Created by aita on May 14, 2009
Last updated: 11/06/09 at 01:54 AM
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CHAMPLAIN, Samuel de, French navigator, born in Brouage, Saintonge, on the bay of Biscay, in 1567 ; died in Quebec, 25 Dec., 1635. His father was a ship-captain, and the son received a careful education as a navigator. Early in life he entered the army and became quartermaster of cavalry. His uncle, acting as pilot-general of the Spanish fleets, conducted back to their own country the Spanish soldiers who had served in France, and was accompanied by his nephew, who took command of the "St. Julien." In January, 1599, he sailed in command of this vessel for the West Indies, and during two years and a half visited many of the islands, landed at Vera Cruz, proceeded inland as far as the city of Mexico, and returned by way of Panama, where he conceived the plan of a ship-canal across the isthmus, reaching Spain in March, 1601. A record of this voyage, with views and charts, was written by him, and was first printed under the title of "Bref discours" (Quebec, 1870), though a translation had been previously printed in the publications of the Hakluyt society.
The Viceroyalty of New France (French: Vice-royauté de Nouvelle-France) was the area colonized by France in North America during a period extending from the exploration of the Saint Lawrence River, by Jacques Cartier in 1534, to the cession of New France to Spain and Britain in 1763. At its peak in 1712 (before the Treaty of Utrecht), the territory of New France extended from Newfoundland to the Rocky Mountains and from Hudson Bay to the Gulf of Mexico. The territory was then divided in five colonies, each with its own administration: Canada, Acadia, Hudson Bay, Newfoundland (Plaisance), and Louisiana. The Treaty of Utrecht resulted in the relinquishing of French claims to mainland Acadia, the Hudson Bay and Newfoundland colonies, and the establishment of the colony of Île Royale (Cape Breton Island) as the successor to Acadia.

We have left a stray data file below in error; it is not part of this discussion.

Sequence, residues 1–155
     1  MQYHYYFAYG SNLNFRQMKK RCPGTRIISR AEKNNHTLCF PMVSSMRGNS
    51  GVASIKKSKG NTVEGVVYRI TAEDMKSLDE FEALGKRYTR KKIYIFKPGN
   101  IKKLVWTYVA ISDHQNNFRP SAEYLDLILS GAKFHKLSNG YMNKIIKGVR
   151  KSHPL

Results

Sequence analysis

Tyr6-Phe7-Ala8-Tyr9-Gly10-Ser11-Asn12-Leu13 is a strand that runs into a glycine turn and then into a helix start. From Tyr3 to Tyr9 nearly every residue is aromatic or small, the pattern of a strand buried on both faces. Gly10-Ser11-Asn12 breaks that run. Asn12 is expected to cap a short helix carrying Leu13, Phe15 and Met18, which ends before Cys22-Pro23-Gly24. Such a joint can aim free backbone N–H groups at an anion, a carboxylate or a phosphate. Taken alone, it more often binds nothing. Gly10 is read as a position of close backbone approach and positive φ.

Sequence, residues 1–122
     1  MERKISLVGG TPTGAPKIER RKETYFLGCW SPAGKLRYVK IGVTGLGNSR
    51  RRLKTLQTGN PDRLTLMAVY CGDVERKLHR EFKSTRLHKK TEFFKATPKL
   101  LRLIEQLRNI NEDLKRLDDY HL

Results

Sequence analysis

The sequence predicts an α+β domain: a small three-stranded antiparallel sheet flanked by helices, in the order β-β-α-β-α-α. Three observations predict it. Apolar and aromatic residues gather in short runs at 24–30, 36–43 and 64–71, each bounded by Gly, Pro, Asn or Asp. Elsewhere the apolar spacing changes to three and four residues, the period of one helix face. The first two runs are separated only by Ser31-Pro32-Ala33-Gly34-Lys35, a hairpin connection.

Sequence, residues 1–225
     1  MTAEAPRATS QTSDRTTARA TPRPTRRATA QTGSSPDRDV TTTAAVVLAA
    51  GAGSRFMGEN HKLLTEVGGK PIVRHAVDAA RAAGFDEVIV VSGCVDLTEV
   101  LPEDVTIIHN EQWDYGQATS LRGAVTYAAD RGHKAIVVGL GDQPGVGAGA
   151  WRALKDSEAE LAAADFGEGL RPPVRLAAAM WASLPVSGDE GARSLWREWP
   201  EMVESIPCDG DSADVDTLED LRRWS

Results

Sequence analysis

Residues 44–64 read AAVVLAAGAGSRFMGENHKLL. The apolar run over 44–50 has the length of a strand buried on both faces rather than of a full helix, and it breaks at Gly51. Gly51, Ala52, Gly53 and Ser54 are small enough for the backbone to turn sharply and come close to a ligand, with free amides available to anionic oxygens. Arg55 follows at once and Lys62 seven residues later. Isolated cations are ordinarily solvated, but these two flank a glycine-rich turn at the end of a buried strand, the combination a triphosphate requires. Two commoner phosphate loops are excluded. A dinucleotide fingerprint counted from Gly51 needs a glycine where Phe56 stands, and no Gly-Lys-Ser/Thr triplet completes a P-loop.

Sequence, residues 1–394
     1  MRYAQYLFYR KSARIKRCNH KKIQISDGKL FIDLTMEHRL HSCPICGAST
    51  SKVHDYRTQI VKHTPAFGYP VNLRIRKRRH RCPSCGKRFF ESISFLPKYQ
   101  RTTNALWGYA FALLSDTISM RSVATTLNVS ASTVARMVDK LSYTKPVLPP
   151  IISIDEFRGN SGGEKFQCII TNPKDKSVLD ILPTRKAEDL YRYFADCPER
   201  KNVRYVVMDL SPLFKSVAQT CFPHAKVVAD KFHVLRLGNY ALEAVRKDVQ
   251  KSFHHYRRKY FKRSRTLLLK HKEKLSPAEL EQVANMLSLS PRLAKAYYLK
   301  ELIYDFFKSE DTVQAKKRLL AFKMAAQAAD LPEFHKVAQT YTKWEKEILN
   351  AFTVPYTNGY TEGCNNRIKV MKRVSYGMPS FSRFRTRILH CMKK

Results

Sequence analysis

Jacques Cartier was a French explorer who claimed what is now Canada for France.
Christopher Columbus was a Genoese navigator, colonizer and explorer whose voyages across the Atlantic Ocean—funded by Queen Isabella of Spain—led to general European awareness of the American continents in the Western Hemisphere. Although not the first to reach the Americas from Europe—he was preceded by the Norse, led by Leif Ericson, who built a temporary settlement 500 years earlier at L'Anse aux Meadows— Columbus initiated widespread contact between Europeans and indigenous Americans. With his several attempts at establishing a settlement on the island of Hispaniola, he personally initiated the process of Spanish colonization which foreshadowed general European colonization of the "New World."
The Vikings were important because people have proof that "The Vikings" were the first europeans to visit Canada.